Launching an iOS App in Mac OS X Gives an Interesting Error Message
This may or may not mean anything, but one of our readers sent in a tip that you get an interesting error message when trying to launch an iOS app in Mac OS X Lion:
“You can’t open this application (App name) because it is not supported on this type of Mac”
Does this suggest “this type of Mac” isn’t supported but another might be? Who knows, I found this fascinating in lieu of iMac Touch and similar iOS & Mac OS X hybrid patents, but don’t read too much into it.
I tried this myself in Mac OS X 10.6 and got the same message, as you can see in the screenshot above. You can do this too by accessing iOS apps from Mac OS X, after you extract the .zip file just open Payload and launch the .app file to receive the message.
Better late then never… if you run the app in the terminal you get this “Payload/Hay Day.app/Hay Day: Bad CPU type in executable”
iOs is bascally a stripped version of os x, but has a different chip set… :-)
[…] This whole thing is interesting to me, especially in light of the recent Apple patents and interesting error message that you get when you try to launch an iOS app under Mac OS X (which, however, is the same message […]
iOS and Mac OS X all run a version of Darwin. Subsequently, both of them use the Mach-O binary format. The Mach-O format specification requires that the CPU architecture is stated in the header. The reason you see that error is because Snow Leopard can only run Intel (x86/x86_64) binaries, or if you have Rosetta, PPC binaries. The iOS apps also use the Mach-O binary format. However, their CPU architecture is ARM, which Snow Leopard can’t run as it isn’t running on an ARM machine, nor does it have an translation layer such as Rosetta. As such, it gives the error message you see. If you were to compile any application for any other architecture and try to run it on SL, you would get the same exact message.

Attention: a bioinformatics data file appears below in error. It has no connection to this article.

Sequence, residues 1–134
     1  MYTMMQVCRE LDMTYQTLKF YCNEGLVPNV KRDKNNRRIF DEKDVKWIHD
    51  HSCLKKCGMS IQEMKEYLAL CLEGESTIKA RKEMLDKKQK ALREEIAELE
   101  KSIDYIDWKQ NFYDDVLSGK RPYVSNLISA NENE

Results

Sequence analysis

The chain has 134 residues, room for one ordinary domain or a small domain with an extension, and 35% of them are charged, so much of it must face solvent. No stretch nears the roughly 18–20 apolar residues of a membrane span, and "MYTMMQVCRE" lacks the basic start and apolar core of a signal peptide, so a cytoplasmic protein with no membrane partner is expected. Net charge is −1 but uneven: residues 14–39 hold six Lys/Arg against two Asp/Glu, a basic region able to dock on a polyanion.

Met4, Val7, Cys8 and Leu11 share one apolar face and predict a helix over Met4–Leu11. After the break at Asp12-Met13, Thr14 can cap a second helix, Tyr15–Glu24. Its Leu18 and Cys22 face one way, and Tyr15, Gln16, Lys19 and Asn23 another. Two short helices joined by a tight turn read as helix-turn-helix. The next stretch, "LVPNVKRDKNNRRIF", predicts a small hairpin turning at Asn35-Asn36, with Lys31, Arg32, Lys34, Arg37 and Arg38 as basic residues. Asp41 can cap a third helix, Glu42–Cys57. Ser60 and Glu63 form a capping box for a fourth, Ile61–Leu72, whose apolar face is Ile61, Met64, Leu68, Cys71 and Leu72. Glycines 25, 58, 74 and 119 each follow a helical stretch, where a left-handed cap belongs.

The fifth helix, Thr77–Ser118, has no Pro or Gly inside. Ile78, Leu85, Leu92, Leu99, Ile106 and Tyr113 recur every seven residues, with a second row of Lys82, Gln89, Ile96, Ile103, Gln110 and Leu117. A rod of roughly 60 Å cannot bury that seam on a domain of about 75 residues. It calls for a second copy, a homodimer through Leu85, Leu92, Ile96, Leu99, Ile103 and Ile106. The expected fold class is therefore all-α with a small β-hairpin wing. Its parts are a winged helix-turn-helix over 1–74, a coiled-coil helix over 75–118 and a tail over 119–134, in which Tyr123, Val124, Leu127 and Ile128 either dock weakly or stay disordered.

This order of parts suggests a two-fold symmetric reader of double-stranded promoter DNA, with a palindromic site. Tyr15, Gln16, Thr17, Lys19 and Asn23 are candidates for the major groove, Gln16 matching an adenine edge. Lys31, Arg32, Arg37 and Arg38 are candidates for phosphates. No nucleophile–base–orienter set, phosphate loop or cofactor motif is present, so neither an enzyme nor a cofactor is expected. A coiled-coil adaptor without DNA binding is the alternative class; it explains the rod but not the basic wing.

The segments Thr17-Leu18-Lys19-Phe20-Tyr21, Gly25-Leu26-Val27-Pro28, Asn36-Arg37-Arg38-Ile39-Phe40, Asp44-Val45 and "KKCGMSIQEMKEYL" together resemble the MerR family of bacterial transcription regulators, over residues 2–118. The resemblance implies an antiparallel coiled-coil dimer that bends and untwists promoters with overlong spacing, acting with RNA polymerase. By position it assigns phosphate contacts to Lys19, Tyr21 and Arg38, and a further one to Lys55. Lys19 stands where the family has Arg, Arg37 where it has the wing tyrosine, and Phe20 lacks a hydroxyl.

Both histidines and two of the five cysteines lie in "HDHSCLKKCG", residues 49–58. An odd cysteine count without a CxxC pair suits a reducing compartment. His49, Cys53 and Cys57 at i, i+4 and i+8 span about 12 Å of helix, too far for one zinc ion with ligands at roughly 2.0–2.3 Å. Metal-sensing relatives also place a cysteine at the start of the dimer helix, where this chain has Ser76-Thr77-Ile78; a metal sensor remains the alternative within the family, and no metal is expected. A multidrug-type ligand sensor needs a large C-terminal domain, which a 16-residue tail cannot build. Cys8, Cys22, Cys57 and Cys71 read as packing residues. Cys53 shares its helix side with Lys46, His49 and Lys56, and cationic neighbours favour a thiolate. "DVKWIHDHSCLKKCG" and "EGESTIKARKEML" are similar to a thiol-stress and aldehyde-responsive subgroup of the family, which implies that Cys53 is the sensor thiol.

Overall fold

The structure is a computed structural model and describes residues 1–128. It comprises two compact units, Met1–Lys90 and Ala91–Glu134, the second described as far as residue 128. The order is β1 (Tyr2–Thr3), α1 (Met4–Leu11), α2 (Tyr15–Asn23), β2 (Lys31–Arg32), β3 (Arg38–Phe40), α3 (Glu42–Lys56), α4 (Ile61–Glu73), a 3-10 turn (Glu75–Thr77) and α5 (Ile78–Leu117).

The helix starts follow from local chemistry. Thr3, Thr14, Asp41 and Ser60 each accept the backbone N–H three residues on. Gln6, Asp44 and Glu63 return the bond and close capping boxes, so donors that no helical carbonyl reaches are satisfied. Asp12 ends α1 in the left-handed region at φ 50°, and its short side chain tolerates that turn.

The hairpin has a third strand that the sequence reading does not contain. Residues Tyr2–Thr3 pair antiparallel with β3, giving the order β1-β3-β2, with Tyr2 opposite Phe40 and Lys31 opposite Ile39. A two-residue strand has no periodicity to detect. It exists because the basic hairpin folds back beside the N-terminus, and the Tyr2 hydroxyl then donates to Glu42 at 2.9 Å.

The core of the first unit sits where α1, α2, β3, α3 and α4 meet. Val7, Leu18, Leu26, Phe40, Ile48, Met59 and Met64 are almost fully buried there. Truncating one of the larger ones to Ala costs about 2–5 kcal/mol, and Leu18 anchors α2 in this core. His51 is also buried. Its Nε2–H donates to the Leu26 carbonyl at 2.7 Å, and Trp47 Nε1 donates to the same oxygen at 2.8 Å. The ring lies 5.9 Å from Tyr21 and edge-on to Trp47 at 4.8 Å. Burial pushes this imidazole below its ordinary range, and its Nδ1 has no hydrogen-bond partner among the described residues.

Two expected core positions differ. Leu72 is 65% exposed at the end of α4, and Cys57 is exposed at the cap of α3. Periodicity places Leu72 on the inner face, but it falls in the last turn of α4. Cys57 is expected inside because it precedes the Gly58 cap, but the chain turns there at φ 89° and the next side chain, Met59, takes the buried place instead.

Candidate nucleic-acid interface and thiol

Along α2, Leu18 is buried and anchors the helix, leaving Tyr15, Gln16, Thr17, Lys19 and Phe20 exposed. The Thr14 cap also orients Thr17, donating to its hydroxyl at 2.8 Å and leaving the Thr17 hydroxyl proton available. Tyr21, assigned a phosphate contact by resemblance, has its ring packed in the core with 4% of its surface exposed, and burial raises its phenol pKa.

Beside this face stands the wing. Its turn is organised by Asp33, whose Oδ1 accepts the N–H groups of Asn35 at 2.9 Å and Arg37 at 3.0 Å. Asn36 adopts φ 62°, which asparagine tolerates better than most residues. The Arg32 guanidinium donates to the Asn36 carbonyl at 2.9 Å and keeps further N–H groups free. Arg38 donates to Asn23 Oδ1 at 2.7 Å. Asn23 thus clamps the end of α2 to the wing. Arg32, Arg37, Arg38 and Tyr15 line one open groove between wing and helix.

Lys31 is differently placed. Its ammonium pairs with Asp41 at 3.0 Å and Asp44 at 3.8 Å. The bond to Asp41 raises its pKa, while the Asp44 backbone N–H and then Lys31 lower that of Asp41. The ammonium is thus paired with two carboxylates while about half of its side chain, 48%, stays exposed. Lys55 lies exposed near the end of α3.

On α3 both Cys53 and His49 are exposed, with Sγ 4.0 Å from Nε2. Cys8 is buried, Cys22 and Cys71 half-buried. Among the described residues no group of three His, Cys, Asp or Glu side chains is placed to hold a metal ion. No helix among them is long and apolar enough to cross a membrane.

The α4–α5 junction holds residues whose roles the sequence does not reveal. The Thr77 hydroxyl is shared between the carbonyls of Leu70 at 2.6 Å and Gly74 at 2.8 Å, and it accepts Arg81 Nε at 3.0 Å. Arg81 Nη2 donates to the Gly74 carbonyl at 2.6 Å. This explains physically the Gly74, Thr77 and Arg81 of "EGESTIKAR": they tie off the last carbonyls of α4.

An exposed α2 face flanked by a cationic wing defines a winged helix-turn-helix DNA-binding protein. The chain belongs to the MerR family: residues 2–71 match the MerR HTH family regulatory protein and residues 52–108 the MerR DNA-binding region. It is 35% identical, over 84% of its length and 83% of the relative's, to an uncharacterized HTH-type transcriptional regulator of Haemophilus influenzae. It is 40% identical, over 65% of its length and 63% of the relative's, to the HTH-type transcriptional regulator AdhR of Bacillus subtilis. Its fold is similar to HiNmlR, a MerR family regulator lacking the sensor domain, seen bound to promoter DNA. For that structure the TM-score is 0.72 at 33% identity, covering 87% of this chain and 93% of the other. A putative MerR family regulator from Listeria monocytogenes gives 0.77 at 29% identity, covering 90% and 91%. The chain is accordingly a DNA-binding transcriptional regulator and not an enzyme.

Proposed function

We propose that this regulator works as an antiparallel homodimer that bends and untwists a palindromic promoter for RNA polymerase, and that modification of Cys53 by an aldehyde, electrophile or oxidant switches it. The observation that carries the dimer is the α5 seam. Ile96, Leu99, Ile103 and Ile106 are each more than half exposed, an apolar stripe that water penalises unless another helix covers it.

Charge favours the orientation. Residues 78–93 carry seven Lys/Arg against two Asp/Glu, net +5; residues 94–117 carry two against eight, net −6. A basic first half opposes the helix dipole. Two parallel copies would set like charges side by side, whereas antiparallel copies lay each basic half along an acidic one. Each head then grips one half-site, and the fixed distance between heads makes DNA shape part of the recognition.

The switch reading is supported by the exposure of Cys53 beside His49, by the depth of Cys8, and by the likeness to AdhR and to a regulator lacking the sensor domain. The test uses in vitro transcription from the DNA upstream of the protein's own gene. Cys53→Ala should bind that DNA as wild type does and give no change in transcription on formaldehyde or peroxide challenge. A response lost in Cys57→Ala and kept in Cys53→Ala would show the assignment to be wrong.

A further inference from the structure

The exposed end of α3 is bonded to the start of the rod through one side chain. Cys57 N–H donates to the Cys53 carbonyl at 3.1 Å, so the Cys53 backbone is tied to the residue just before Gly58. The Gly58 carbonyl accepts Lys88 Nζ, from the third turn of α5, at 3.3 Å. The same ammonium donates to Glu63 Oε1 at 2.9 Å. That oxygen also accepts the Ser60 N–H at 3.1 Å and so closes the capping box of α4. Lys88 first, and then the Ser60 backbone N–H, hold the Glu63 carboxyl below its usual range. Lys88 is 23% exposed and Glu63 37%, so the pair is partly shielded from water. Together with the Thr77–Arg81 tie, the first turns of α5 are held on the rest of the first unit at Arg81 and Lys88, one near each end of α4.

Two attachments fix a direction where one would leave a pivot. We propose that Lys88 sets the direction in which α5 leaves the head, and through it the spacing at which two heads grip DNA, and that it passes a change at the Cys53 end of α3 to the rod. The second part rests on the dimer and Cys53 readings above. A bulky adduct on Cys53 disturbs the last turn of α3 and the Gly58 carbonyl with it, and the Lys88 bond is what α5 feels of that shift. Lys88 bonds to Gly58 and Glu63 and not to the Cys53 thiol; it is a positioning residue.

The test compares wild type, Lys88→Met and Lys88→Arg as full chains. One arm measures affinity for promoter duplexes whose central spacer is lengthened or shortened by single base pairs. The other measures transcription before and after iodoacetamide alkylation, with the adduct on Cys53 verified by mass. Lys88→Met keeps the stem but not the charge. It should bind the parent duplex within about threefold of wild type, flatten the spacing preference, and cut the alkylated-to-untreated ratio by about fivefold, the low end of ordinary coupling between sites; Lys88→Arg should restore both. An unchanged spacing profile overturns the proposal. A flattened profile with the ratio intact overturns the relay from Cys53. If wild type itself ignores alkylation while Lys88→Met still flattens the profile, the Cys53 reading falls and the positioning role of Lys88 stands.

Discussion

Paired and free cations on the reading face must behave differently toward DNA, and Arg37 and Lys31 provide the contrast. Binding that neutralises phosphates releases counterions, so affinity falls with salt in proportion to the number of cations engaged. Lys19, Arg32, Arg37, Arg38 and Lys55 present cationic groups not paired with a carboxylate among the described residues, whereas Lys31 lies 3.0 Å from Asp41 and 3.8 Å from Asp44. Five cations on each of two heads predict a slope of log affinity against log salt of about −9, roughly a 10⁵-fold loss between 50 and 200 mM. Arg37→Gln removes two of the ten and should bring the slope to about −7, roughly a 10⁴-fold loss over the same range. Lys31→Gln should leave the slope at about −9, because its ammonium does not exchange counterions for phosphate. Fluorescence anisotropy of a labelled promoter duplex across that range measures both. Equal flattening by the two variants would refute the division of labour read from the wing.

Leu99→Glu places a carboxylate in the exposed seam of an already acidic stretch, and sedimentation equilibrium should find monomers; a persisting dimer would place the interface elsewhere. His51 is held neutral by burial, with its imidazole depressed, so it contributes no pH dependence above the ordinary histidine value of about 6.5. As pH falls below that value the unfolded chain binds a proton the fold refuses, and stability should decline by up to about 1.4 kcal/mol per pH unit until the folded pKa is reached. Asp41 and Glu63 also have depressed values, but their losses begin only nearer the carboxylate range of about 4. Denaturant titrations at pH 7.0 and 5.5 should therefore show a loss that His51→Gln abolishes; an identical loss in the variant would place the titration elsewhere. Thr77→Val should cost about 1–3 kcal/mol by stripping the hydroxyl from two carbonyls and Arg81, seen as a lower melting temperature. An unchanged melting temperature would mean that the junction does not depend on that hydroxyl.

That’s what you get when you try to run an x86_64 app on PPC. (Here you’re trying to a run an ARM app on x86_64)
If you try to run an app designed only for Intel-based macs on a PPC (i.e. G5), the same error happens. I wouldn’t read into this at all.
iOS is based on Mac OS X so really the iOS apps are Mac OS apps. Future Macs will probably run them natively in a touch layer is my theory.
Thank you for the postings-the Mac users are so different than the traditional IBM Clone users-they actually offer reasonable solutions! Recently I learned that the iPod comes with 32Gb, but almost 1Gb is used exclusively for the Touch capability. Many desktop PCs and perhaps even laptops come with 4Gb, especially the WalMart ones. It may take a very robust computer in order to run the touch layer on a Mac. Apple has always been known for superior graphics, however. Is the touch layer even affordable? Russ